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Deborah Brautigam: No Evidence of Chinese Debt Traps in Africa


Johns Hopkins University professor and director of the China-Africa Research Initiative in Washington, D.C., Deborah Brautigam, joins Eric & Cobus this week to discuss accusations that China engages in so-called “debt trap diplomacy.”

The “debt trap” narrative, also commonly referred to as “predatory lending,” states that China uses excessive lending to developing countries knowing full well these countries will not have the means to repay these loans. In turn, these countries, many of them very poor, will then be forced to default on the loans and handover key strategic assets to China or be forced to otherwise compromise their sovereignty to satisfy Beijing.

“The idea that Chinese banks and companies are luring countries to borrow for unprofitable projects so that China can leverage these debts to extract concessions is now deeply embedded in discussions of China’s BRI program. Critics invariably point to a single case—the Chinese takeover of Sri Lanka’s Hambantota Port—as proof of this strategy. Yet the evidence for this project being part of a Chinese master plan is thin.” — Professor Deborah Brautigam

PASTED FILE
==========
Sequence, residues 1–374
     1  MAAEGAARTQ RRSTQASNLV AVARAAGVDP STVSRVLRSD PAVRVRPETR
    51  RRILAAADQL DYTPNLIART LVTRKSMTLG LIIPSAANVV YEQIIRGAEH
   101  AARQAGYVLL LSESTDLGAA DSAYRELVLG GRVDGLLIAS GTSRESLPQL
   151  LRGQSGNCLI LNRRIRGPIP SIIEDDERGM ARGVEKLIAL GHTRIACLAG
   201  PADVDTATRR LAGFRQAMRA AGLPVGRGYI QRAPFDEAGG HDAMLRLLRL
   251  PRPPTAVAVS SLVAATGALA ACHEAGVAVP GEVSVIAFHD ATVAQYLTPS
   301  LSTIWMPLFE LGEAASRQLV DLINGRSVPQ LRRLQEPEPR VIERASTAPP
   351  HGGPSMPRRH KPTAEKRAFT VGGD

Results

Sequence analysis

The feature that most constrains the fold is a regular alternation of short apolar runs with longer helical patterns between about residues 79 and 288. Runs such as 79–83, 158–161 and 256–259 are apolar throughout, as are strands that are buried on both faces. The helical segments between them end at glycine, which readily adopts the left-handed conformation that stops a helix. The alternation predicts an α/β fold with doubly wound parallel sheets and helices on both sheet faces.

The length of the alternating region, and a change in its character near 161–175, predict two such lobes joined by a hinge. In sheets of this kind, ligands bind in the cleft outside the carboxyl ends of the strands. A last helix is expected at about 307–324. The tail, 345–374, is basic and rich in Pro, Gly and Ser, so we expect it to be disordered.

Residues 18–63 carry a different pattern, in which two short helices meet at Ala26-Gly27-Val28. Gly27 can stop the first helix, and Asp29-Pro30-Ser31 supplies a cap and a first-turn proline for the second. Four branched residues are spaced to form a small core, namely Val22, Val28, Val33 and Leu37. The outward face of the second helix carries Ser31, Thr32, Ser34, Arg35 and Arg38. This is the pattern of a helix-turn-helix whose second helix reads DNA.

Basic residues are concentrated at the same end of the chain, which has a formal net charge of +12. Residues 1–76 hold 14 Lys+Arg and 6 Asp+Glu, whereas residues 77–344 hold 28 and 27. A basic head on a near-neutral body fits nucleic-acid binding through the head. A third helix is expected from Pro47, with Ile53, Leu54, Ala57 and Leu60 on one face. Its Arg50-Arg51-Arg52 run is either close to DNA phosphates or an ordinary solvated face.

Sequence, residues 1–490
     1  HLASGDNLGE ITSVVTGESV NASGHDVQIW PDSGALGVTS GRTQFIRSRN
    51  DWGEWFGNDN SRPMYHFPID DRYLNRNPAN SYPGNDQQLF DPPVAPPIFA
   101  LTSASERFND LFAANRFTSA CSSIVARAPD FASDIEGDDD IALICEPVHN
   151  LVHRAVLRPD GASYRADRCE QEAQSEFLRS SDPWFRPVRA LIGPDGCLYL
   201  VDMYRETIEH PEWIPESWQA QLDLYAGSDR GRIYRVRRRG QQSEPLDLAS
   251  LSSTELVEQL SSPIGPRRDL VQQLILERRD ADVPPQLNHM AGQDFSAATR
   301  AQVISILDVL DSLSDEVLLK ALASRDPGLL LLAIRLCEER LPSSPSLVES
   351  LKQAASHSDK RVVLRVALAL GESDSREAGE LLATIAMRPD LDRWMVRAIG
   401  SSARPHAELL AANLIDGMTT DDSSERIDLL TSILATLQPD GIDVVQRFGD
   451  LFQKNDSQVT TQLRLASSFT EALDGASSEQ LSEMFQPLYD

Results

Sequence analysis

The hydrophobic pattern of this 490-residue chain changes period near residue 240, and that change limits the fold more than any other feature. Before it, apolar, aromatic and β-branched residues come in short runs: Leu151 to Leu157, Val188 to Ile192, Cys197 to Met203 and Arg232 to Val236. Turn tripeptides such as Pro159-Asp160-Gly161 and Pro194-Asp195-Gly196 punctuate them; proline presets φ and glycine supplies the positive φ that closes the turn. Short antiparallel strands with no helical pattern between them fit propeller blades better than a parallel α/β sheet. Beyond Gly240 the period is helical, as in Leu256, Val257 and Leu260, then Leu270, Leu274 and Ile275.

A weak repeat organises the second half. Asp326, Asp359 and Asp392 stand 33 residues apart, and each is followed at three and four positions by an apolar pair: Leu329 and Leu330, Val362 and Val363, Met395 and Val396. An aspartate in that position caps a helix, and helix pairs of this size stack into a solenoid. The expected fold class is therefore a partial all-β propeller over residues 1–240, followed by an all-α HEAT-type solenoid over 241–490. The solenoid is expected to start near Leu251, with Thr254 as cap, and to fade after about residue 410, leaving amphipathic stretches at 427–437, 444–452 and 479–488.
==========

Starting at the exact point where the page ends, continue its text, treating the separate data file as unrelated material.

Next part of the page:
Brautigamlooked at more than 3,000 Chinese infrastructure projects around the world in an article recently published in The American Interest magazine and found no evidence to support this oft-cited charge. China’s critics in the U.S. and Europe are misguided when they focus on Beijing’s massive lending as some kind of political conspiracy, explained Brautigam. Instead, she contends, China exporting corruption and crony capitalism are much more worrisome.

Show Notes:

About Deborah Bräutigam:
Dr. Deborah Brautigam is the Bernard L. Schwartz Professor of Political Economy, Director of the International Development Program, and Director of the China Africa Research Initiative at Johns Hopkins University’s School of Advanced International Studies (SAIS). Her most recent books include The Dragon’s Gift: The Real Story of China in Africa (OUP, 2010) and Will Africa Feed China? (OUP, 2015). Before joining SAIS in 2012, she taught at Columbia University and American University. Dr. Bräutigam’s teaching and research focus on international development strategies, governance, and foreign aid. She has twice won the Fulbright research award and is a recipient of fellowships from the Council on Foreign Relations, the Woodrow Wilson International Center for Scholars, and research grants from the UK Economic and Social Research Council (ESRC) and the UK Centre for Economic Policy and Research (CEPR). She has served as a consultant for Transparency International, the United Nations, the World Bank, DFID, GIZ, DANIDA, the African Development Bank, and USAID, and has provided commentary to the Financial Times, the New York Times, the Guardian, CNN, NPR, Al-Jazeera, VOA, CCTV, and MSNBC. Dr. Bräutigam has been a visiting scholar at the World Bank, a senior research fellow at the International Food Policy Research Institute (IFPRI), and advised more than a dozen governments on China-Africa relations. Her Ph.D. is from the Fletcher School of Law and Diplomacy, Tufts University.

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